April 24, 2013


Diane M. Fremgen

Clerk of Court of Appeals







This opinion is subject to further editing.  If published, the official version will appear in the bound volume of the Official Reports. 


A party may file with the Supreme Court a petition to review an adverse decision by the Court of Appeals.  See Wis. Stat. § 808.10 and Rule 809.62. 





Appeal No. 


Cir. Ct. No.  2010CF1033









State of Wisconsin,






Timothy Kosterman,








            APPEAL from a judgment of the circuit court for Racine County:  allan b. torhorst, Judge.  Affirmed. 

            Before Brown, C.J., Neubauer, P.J., and Reilly, J.

1        PER CURIAM.   Timothy Kosterman appeals a judgment convicting him of first-degree sexual assault, armed burglary and misdemeanor theft.  We conclude that any Miranda[1] violation that may have occurred was harmless because it is clear beyond a reasonable doubt that, absent the error, a rational jury would have found him guilty.  We affirm.

2        These facts are not disputed.  Sarah D. was awakened to find someone in her bedroom.  The intruder cut off her shorts with a knife and twice had penis-to-vagina sexual intercourse with her.  The man’s voice was similar to Kosterman’s.  Sarah and Kosterman were casual friends through his former dating relationship with Lisa, the tenant who lived upstairs from Sarah.  Kosterman had been at the bar where Sarah and her friends had been socializing earlier that night.  When the man left, Sarah discovered that her cell phone was not on her nightstand.  Sarah woke Lisa and told her she had been raped.  They called the police.

3        Police executed a search warrant at Kosterman’s residence in Kosterman’s presence.  The search yielded a butterfly knife, a butcher or Bowie knife, the shirt the bar surveillance video showed Kosterman wearing and, in Kosterman’s garbage, a cell phone battery cover matching Sarah’s missing cell phone.  A police officer arrested Kosterman and read him his rights.  Kosterman refused to give a statement without a lawyer.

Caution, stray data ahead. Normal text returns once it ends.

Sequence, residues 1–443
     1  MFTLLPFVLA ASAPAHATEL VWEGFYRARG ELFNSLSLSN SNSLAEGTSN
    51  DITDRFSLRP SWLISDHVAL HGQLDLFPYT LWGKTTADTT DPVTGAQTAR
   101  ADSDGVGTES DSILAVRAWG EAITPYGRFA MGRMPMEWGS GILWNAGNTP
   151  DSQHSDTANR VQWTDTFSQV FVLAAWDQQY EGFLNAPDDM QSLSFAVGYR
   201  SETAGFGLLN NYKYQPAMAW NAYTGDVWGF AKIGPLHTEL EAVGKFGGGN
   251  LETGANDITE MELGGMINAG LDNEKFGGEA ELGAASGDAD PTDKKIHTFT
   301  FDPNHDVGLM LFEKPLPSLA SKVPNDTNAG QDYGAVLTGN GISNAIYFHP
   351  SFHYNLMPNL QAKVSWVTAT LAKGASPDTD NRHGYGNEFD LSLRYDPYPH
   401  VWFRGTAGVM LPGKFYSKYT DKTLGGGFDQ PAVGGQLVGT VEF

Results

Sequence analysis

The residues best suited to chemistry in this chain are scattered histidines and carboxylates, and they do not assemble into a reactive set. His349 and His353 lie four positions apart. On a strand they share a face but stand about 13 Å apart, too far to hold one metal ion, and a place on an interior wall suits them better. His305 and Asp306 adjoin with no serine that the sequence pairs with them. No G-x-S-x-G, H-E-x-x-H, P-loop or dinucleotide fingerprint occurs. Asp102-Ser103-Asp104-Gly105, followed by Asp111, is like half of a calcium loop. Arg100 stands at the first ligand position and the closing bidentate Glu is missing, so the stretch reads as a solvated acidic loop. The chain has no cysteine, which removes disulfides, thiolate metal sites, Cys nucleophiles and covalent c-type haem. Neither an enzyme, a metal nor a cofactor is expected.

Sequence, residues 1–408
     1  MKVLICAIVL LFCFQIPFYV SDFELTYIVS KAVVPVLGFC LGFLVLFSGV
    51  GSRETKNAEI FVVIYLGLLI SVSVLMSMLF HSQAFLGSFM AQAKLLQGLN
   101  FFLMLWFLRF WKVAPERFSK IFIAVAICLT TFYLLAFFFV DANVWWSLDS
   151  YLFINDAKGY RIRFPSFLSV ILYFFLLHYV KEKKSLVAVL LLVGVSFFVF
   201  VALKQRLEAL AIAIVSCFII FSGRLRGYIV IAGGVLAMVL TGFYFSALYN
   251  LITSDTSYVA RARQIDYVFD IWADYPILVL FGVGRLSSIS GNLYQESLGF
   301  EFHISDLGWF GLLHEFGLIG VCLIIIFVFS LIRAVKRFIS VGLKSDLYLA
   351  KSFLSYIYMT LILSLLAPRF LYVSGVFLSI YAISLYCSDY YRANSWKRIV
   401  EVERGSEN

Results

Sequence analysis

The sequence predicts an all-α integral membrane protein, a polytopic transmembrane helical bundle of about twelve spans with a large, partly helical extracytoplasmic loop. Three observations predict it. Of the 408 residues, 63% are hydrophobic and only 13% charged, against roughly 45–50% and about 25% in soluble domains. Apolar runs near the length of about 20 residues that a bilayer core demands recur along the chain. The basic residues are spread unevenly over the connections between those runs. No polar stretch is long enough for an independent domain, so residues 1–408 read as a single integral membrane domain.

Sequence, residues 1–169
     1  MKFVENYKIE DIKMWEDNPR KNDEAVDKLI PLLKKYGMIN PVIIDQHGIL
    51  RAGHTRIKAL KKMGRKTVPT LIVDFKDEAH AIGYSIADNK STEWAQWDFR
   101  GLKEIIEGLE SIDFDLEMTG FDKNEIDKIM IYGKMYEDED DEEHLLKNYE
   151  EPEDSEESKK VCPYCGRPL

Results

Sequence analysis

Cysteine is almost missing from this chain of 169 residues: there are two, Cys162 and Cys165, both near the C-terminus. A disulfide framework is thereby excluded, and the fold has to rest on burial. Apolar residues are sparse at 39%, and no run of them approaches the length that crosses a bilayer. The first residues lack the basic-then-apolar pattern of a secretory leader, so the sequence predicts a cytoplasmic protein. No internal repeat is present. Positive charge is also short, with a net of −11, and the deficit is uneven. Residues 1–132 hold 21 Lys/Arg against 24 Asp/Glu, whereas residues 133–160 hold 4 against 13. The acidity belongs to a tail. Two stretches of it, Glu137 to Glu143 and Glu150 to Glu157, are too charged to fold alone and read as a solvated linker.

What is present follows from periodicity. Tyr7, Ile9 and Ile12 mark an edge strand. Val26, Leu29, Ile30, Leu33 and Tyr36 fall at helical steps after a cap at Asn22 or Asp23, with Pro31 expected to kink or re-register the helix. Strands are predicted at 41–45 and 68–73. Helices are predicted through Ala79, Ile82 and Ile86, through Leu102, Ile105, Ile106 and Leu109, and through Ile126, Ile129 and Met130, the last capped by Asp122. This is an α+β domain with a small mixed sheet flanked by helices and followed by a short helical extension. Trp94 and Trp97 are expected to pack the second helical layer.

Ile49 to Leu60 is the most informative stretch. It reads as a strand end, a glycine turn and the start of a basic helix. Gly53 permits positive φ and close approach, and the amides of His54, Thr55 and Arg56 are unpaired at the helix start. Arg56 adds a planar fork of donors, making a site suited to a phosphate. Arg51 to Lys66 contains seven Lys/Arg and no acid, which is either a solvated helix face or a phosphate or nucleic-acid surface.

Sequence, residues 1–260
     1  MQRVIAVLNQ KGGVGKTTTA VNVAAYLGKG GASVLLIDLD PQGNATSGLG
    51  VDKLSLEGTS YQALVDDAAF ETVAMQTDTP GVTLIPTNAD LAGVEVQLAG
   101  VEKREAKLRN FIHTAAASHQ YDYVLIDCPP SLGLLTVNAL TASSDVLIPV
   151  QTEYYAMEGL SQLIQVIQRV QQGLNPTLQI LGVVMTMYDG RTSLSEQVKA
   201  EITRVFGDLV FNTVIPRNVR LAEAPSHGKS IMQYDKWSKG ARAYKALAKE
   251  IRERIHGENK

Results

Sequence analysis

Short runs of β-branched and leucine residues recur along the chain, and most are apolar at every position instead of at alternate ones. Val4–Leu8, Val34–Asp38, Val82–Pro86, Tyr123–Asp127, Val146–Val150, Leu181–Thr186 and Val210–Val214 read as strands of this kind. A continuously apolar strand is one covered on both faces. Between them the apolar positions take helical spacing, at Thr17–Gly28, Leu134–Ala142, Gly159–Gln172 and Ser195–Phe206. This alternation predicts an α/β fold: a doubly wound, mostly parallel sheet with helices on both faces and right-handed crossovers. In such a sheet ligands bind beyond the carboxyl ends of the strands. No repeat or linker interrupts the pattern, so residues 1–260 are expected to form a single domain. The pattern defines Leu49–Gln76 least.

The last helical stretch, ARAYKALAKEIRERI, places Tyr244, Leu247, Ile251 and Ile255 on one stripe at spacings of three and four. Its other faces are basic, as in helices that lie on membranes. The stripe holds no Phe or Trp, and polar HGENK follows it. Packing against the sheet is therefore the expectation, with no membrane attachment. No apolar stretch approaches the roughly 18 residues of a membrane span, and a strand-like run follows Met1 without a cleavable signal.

4        Kosterman was taken to the police station to meet with Investigator Theodore Schlitz.  Schlitz knew that Kosterman had been advised of his Miranda rights an hour or less earlier and had declined to make a statement.  Schlitz encouraged Kosterman to reconsider.  Kosterman agreed to talk and Schlitz read Kosterman his Miranda rights.  Kosterman told Schlitz that, as he had consumed a lot of alcohol, his recollection was “pretty spotty,” that he could not remember taking Sarah’s keys or assaulting her, and hoped he had not done it.

5        Kosterman later alleged that Schlitz’s actions constituted a Miranda violation and moved to suppress the statements.  The court denied that motion as well as Kosterman’s renewed motion on the first day of trial. 

6        At trial, the State put on the following evidence.  Sarah testified that she got a ride home from the bar with a friend; climbed through the window because she could not find her keys; called her friends back at the bar to look for her keys; went to bed; was awakened by something touching her ankle; asked three times who it was but the intruder said only “Shhh”; and heard a “flick” then felt an edge and a prick against her neck.  She testified that the intruder cut her shorts and underwear off; twice engaged in penis-to-vagina intercourse and attempted anal intercourse; told her he was sorry, that she did not deserve what was happening, and that he was not the kind of person who did this but “someone had broke[n] his heart and he did not know how to heal it.”  She testified that he kept his face hooded but his voice sounded like Kosterman’s; she never consented to any of the events; he held a knife the whole time; she was frightened and, as soon as he left, she went upstairs to Lisa’s apartment and called the police.